Executive Viewpoint 2017 Prediction: Leostream – Desktop Virtualization and VDI Trends

 

It’s the most wonderful time of year! One of our favorite traditions is to review trends from the past twelve months and look ahead at what’s coming down the pipeline. The article below, written by our CEO, Karen Gondoly, was recently featured in Virtual Strategy Magazine. Have a read for five VDI trends to keep tabs on in the New Year! 

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2017 New Year _ VDI.pngI don’t know about you, but I couldn’t be more excited about some of the recent advances in the VDI space.  Having been in this business for almost ten years, I’ve seen many changes take place. In 2016 alone, we saw the potential of OpenStack as a platform for virtual desktops, a plethora of new technology geared towards hosting graphics heavy workloads, increased OS diversity, the emergence of new vendors and even the end of well-known products like vWorkspace.

[Tip – Download the 2016 Trends Report for a Recap of Last Year]

Looking ahead, 2017 is brimming with possibilities, and a number of technology developments and trends are heating up, all of which could be essential for enterprises looking to meet the ever-increasing demands around mobility, security, and workplace flexibility.

Here are five to keep your eye on:

[Tip – For all of the Details, Downlod the 2017 Full Brief]

1. The Shift Towards a Shrinking Stack with Deconstructed VDI

For years, the key players in the VDI market sold full-stack solutions that included hypervisors to host virtual desktops, connection brokers to handle assignments, display protocols to connect users to their desktops, security gateways to tunnel users into the network, and a host of other components. But with the rise of software-defined datacenters, cloud, and hyperconverged hardware, IT has more ways to improve business processes, lower cost, and work more efficiently.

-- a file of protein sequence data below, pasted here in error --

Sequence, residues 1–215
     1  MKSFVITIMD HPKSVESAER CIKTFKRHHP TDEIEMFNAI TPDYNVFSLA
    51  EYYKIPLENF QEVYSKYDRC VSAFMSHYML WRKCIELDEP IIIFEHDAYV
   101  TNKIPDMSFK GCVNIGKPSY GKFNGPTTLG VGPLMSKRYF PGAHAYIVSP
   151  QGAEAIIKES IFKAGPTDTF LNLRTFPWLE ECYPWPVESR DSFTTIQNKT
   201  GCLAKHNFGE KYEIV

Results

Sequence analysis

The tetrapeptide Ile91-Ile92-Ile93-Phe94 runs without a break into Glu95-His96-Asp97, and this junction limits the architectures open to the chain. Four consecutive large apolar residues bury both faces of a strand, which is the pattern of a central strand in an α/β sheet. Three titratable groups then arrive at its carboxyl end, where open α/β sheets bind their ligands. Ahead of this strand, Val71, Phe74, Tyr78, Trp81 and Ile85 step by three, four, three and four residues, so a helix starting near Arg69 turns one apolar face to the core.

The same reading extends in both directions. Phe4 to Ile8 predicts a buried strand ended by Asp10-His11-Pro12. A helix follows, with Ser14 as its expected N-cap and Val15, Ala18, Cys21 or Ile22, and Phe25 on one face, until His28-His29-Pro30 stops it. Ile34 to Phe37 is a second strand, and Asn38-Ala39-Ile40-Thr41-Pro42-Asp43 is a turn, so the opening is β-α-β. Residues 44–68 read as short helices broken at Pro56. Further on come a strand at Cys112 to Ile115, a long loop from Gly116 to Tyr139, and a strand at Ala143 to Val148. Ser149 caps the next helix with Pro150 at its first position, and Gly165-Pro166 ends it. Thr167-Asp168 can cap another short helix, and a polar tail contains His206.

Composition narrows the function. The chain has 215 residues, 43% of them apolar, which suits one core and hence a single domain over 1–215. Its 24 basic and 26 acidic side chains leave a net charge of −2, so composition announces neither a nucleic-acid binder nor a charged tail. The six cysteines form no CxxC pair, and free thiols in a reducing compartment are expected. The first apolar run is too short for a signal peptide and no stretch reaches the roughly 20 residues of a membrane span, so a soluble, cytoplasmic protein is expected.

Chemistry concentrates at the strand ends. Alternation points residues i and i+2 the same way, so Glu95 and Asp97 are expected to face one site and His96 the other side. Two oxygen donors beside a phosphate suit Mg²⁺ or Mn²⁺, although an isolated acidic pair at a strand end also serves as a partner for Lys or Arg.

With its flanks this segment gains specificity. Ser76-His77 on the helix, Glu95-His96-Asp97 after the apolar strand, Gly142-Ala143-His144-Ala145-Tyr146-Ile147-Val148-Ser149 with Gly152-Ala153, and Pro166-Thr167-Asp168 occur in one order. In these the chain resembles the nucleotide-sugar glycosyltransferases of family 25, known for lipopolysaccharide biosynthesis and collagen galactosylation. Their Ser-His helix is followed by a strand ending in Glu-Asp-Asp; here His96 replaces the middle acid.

By artistically, realistically, and technically separating components that make sense you can make IT more flexible, your datacenter more future-proof, and your end users more productive. And that is deconstructed VDI. It takes the resource layer out of the VDI stack, allowing you to mix and match hosting environments to best meet your needs. Go ahead and place some virtual desktops in AWS, run some RDS sessions in Azure, build a private OpenStack cloud, and wrap it all together with the vSphere servers already in your datacenter. The key to deconstructed VDI is that you bring all those pieces together to form a single, coherent system managed by a smaller VDI stack.

Deconstructed VDI allows you to keep your options open when it comes to your resource layer, and even change where you host your resources, over time. Essentially, it narrows down your VDI stack to a connection broker, display protocol, and gateway.

This trend is certainly one to watch!

2. Taking HTML 5 VDI Clients to the Next Level

HTML5 VDI clients are popping up like daisies. Over recent years, many of the vendors in the VDI space have built customized HTML5 clients for accessing remote desktops in their stacks, and the number of independent HTML5 RDP gateways on the market is pretty remarkable.

These clients check many of the boxes you need to satisfy end users. They are a clientless solution, simplifying rollout. End users can connect to their desktop from any device of their choosing, including mobile devices of all sorts, enabling BYOD initiatives. And, by nature of being a gateway, they can provide remote access.

New technologies that can improve the performance of HTML5-based clients are on the rise. For example, WebAssembly gives you access to a set of low-level building blocks that, potentially, you can use to build your HTML5 VDI client. It’s a replacement for the JavaScript component that renders the remote session.

Can WebAssembly take HTML5 VDI clients to the next level? I’m squarely in the realm of conjecture, here, but it’s an interesting realm. WebAssembly is emerging as a standard and is backed by the likes of Google, Microsoft, and Mozilla. Experimental versions of their Web browsers now support WebAssembly, and the performance of the demo is impressive.